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Titel: The history of Robinson Crusoe abridged: for the use of schools and private instruction
Auteur: [niet beschikbaar]
Uitgave: Amsterdam: G. Portielje and son, 1855
3e dr
Auteursrechten: Zie auteursrechten
Citeerinstructie: Bijzondere Collecties van de Universiteit van Amsterdam, UBM: Obr. 5559
URL: https://schoolmuseum.uba.uva.nl/bookid/LCSM_201063
Onderwerp: Taal- en letterkunde naar afzonderlijke talen: Engelse letterkunde
Trefwoord: Vertalingen (vorm)
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73
bored through. This lieing done they were brought
to water, and the Captain , after having embraced
Robinson, rowed off.
Robinson would have certainly accompanied the
Captain, had he not judged it necessary to remain
on his island with Friday, to guard the prisoners
and to watch for the safety of his habitation which
inclosed all his possessions. The Captain promised
that should he succeed he would immediately inform
him of the result by firing three guns from the ship.
As it was already midnight, and he had not yet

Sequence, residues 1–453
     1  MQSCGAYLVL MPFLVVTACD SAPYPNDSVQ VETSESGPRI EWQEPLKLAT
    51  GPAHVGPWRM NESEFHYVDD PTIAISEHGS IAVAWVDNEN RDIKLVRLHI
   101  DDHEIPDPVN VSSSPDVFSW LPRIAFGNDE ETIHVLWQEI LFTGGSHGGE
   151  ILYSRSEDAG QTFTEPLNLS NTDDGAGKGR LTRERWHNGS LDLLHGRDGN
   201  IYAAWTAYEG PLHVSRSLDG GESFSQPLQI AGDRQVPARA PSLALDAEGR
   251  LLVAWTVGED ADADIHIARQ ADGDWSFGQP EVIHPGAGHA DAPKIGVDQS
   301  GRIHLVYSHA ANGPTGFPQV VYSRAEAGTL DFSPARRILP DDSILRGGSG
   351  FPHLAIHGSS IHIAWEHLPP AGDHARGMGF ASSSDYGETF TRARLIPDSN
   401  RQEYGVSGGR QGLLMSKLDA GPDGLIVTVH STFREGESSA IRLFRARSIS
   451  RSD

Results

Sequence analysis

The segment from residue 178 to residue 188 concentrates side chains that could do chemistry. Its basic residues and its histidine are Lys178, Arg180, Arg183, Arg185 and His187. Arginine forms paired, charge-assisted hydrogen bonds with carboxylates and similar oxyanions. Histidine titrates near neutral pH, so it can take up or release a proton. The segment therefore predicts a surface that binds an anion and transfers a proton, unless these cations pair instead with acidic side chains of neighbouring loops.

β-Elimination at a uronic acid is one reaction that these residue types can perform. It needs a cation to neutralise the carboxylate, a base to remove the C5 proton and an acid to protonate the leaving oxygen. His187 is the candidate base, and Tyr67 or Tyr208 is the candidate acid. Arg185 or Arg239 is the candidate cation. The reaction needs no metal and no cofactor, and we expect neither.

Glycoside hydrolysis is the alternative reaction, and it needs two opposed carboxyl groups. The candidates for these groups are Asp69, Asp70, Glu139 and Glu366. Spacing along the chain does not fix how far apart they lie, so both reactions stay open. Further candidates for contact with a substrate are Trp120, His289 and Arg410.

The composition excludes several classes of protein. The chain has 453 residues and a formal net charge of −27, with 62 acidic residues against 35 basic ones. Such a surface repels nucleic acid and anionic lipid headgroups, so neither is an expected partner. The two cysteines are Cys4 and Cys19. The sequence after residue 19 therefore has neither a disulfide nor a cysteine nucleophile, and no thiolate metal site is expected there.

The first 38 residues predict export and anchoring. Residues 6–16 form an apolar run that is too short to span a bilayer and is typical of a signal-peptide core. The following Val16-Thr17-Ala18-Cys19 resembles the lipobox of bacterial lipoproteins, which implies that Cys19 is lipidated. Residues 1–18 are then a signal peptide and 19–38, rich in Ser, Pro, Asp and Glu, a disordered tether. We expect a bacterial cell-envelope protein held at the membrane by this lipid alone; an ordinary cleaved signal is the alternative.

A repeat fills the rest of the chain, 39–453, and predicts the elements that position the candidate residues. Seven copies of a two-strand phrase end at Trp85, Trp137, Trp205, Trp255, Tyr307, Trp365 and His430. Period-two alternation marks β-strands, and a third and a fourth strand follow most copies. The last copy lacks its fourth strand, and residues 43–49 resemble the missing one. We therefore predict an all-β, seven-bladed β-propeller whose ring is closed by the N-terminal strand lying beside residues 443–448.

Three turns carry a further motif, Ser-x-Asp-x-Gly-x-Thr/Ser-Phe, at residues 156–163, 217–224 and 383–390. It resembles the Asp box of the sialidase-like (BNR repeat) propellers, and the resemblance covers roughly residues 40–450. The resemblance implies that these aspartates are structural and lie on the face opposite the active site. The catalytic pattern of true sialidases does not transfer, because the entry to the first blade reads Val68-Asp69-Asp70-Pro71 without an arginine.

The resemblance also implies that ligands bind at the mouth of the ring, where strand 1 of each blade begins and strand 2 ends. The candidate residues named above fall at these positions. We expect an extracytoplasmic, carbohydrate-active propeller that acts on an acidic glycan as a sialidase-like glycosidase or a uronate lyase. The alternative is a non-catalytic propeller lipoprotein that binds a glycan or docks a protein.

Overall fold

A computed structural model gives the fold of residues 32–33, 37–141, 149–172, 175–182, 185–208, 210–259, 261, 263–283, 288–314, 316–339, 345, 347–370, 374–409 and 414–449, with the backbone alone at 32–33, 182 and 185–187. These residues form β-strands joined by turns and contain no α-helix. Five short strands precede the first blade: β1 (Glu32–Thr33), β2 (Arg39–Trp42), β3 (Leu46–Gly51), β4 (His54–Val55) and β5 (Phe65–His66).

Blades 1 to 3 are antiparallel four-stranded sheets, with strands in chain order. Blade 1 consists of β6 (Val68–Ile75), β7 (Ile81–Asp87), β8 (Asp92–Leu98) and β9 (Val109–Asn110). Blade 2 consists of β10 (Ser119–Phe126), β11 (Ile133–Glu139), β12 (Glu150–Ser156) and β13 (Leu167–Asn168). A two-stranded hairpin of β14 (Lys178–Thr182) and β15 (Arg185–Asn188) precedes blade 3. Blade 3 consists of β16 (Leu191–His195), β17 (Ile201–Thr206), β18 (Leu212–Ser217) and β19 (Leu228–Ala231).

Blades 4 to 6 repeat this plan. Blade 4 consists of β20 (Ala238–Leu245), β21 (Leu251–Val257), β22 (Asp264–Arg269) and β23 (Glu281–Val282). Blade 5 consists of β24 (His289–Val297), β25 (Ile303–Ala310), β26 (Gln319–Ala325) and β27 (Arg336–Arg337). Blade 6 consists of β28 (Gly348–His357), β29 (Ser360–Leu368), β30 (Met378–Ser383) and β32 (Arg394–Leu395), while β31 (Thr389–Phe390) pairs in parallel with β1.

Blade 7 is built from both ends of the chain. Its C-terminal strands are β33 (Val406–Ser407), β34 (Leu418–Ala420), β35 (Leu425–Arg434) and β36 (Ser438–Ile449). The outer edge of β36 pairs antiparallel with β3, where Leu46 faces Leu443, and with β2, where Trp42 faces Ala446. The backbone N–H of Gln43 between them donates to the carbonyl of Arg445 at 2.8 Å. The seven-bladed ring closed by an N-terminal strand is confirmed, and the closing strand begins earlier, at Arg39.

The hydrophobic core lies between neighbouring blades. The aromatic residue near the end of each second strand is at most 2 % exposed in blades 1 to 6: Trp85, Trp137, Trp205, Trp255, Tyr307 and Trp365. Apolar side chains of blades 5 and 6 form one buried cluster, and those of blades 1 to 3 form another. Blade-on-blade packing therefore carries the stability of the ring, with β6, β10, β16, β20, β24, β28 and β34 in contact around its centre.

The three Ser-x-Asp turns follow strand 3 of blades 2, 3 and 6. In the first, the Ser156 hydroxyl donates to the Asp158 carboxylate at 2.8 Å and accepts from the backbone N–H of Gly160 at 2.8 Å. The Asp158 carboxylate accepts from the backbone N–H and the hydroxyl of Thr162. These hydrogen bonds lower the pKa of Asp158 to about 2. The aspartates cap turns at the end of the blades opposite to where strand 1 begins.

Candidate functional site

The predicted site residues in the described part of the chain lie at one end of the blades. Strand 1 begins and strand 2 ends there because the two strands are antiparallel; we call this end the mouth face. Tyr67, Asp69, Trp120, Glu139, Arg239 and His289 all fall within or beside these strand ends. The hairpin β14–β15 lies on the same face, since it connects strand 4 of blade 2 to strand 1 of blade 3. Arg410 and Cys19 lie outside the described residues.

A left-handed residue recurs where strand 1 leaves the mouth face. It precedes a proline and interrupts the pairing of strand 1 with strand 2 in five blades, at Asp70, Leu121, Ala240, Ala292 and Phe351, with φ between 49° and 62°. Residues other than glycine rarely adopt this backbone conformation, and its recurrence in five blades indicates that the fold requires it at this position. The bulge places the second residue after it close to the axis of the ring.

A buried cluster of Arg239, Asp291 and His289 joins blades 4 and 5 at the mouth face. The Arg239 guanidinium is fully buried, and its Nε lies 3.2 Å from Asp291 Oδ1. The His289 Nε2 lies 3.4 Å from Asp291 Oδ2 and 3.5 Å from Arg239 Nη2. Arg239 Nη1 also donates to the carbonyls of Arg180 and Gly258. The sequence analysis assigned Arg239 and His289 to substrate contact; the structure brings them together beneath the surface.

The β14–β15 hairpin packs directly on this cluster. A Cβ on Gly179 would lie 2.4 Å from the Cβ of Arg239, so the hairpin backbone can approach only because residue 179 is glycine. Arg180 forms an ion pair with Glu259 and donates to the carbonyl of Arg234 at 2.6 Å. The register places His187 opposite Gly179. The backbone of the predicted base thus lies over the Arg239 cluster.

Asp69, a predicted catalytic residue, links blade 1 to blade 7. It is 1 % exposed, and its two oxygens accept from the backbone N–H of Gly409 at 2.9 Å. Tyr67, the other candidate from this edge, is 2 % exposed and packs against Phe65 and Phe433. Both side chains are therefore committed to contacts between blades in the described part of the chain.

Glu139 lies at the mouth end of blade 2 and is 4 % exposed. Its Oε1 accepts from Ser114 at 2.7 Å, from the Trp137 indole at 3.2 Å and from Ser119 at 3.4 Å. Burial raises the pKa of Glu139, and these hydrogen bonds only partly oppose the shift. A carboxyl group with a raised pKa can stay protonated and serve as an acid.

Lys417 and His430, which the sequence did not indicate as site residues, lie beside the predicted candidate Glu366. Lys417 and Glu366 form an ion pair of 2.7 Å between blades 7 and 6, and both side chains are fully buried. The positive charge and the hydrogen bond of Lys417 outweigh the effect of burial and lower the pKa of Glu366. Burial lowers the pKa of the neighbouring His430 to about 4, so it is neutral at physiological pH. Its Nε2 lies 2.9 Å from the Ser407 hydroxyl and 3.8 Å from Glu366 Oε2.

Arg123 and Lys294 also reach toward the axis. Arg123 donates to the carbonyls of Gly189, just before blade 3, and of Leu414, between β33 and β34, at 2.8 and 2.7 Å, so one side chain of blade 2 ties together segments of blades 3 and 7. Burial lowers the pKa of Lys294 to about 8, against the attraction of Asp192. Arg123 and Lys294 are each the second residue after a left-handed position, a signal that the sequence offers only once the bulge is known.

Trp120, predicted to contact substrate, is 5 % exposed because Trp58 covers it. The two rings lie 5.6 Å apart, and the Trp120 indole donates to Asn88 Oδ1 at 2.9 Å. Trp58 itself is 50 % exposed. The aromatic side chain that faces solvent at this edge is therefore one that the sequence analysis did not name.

heard any thing, he began to despair of ever seeing
his native country again; when all of a sudden,
he heard what he had so eagerly listened for. Trans-
ported with joy he embraced his dear Friday, spoke
of nothing but of Hamburgh, and began already to
pack up his goods.
In the morning he saw the ship at anchor near
his island. The Captain related to Robinson, that on
account of the darkness of the night, they had not
rocognised him, and had not made the least hesita-
tion to receive those who were with him on board.
The principal rioters indeed still endeavoured to de-
fend themselves, but their resistance was in vain;
they all were seized and put into irons.
The Captain having finished his relation now re-
quested Robinson to make himself ready for his de-
parture. Robinson ordered his clothes, some lamas,
the lump of gold which he had found in his island,
and several other articles of value to be brought on
board. The next day he likewise went on board with
Friday, and shedding a torrent of tears, he left the
island on which he had spent twelve years.
The voyage was as speedy as it was prosperous. After
a passage of six weeks they arrived at Portsmouth.
They found in this harbour a ship bound for Ham-
burgh , Robinson took leave of the English Captain,
and without delay went with Friday on board of